More than a decade ago, in a room of fresh College of Santa Fe students, most of whom were from out of state, a poetry professor introduced to us our new home: "This is the first place I've ever lived where I get the sense that this is blood-soaked ground."
Millennia of human history and centuries of colonialism have imbued in New Mexico a sense of our state as one contiguous battleground. The advent of the automobile, then, added to that blood some gasoline, motor oil, alcohol and no lack of tears.
As long as people have been dying on roads, memorials have been erected to their memories—commonly known as descansos, which literally translates to the plural of rest, landing or pause. And while marking the scene of a tragedy is an important role of these sites, some of these memorials aren't even for people who lost their lives in auto accidents—SFR's research into causes of death for the 12 sites we visited revealed those memorialized sometimes died in hospitals, in their homes, or otherwise not on the roads. Why their families chose these sites could have been for happy memories, the want for a public place to gather, or perhaps just because the surrounding scenery is so breathtaking. What a place to rest forever.
There's a sense of turning a blind eye when it comes to these memorials. Many are in areas restricted to pedestrians, but those who erect and maintain them seem to do so with impunity. While photographing these sites, police cruisers blew by without a second glance toward me poking around on the shoulder of a booming I-40.
An unspoken rule allowing personal shrines erected by families on land that is not their own seems like it would quickly get out of hand—but somehow, the roads and minds of our state have been self-policing. While some roads have more memorials than others, nowhere feels too full, and there seems to be an unofficial agreement between us all that we don't touch a memorial unless we built it. There is a law on New Mexico's books outlawing desecration of these shrines, and it seems to be one of the only laws in existence that people actually universally follow. (When photographing these sites, SFR did not disturb any aspect of them, even if it was clear something had fallen or broken. Each of these descansos remained exactly as we found it once we left.)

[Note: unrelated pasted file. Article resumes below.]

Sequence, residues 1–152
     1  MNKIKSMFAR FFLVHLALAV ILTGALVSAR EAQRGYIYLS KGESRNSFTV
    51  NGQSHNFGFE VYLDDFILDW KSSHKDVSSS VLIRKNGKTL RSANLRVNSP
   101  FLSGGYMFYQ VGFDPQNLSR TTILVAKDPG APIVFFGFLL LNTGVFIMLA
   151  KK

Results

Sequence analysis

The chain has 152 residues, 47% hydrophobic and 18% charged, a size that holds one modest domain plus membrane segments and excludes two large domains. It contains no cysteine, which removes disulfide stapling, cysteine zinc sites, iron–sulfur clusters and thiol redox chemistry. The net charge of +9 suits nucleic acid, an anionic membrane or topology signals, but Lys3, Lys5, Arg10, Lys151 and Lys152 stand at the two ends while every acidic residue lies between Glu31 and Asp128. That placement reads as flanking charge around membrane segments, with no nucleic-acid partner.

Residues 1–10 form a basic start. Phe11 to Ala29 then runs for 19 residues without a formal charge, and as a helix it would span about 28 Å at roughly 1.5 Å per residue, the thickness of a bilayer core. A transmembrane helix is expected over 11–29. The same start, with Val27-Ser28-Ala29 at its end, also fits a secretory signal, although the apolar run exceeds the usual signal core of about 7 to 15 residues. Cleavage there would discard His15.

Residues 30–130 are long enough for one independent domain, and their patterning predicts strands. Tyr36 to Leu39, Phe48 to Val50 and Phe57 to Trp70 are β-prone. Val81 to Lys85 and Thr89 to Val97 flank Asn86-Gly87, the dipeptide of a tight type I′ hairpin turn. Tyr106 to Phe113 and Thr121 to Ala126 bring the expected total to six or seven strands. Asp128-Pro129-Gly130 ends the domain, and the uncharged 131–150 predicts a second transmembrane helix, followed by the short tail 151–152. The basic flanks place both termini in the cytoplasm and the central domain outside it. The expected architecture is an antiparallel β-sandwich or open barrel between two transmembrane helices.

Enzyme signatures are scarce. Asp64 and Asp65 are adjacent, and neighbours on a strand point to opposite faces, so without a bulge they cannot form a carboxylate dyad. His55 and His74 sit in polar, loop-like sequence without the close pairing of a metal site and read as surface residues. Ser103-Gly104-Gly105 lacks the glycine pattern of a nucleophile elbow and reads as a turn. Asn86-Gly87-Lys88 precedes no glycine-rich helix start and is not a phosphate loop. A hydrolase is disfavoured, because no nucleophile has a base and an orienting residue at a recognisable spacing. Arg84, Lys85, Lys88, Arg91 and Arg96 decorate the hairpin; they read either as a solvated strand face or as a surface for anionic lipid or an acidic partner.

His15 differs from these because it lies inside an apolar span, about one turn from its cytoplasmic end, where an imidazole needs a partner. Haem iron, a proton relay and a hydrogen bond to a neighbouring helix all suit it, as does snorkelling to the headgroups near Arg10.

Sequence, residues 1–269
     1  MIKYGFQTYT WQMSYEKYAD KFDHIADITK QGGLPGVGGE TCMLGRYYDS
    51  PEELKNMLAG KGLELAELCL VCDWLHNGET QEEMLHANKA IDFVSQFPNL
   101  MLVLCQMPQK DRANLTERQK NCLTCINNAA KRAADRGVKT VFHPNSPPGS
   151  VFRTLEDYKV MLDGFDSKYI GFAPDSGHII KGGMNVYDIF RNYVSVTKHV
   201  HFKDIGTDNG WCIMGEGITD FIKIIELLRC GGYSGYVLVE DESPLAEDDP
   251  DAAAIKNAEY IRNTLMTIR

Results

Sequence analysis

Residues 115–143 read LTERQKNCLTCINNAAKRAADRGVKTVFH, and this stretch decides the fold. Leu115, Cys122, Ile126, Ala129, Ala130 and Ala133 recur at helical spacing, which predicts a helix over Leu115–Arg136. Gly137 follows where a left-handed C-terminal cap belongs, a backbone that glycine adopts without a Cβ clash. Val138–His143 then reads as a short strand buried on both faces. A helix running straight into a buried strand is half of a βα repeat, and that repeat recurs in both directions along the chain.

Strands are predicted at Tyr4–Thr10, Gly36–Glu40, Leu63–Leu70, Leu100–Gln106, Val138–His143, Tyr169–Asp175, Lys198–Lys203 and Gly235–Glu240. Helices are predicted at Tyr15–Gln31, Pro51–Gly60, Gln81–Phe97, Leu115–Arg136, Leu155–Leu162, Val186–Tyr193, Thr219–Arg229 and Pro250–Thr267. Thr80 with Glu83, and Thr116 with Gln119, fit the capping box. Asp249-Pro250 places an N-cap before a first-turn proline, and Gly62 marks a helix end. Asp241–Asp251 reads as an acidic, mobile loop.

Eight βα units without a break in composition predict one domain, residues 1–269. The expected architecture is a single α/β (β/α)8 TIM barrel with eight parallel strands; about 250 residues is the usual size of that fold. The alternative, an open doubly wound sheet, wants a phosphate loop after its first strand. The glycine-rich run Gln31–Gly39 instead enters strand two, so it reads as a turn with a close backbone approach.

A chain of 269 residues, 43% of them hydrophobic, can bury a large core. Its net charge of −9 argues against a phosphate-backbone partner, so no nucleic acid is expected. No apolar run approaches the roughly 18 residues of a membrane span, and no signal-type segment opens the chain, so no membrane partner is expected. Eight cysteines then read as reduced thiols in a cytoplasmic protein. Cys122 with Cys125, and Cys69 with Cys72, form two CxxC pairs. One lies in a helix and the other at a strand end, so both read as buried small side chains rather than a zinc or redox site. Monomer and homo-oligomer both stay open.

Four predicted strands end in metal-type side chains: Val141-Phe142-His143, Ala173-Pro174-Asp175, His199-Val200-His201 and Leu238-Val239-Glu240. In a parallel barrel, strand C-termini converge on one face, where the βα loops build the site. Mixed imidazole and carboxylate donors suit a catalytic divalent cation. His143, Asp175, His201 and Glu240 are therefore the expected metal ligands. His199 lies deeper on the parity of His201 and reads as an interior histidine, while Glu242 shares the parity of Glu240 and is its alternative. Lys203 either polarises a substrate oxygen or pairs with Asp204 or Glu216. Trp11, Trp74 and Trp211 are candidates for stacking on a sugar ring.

Hundreds, if not thousands, of people pass some of these sites every day. Others are tucked onto mountain roads and hear almost nothing but birdsong and wind. Each represents lives shifted, changed, ended and altered—and while we can't possibly know the stories behind each one, each of these stories could potentially be our own.
[…ben] J Sandoval
First part of first name is blocked
3.6 miles south of Chimayo on Juan Medina Road
Having only a partial name made research unfortunately impossible.
David, Bernadette and Bernice
17 miles west of Albuquerque on I-40
SFR has been unable to locate records of these particular people, partly due to one word being unclear and due to the common nature of the names that we could read.
However, the search served as a potent reminder that it seems every inch of New Mexico's roads are seeping with stories of drivers killed or injured, urging us even further to stay vigilant and safe out there.
3.4 miles east of Chimayó on Highway 76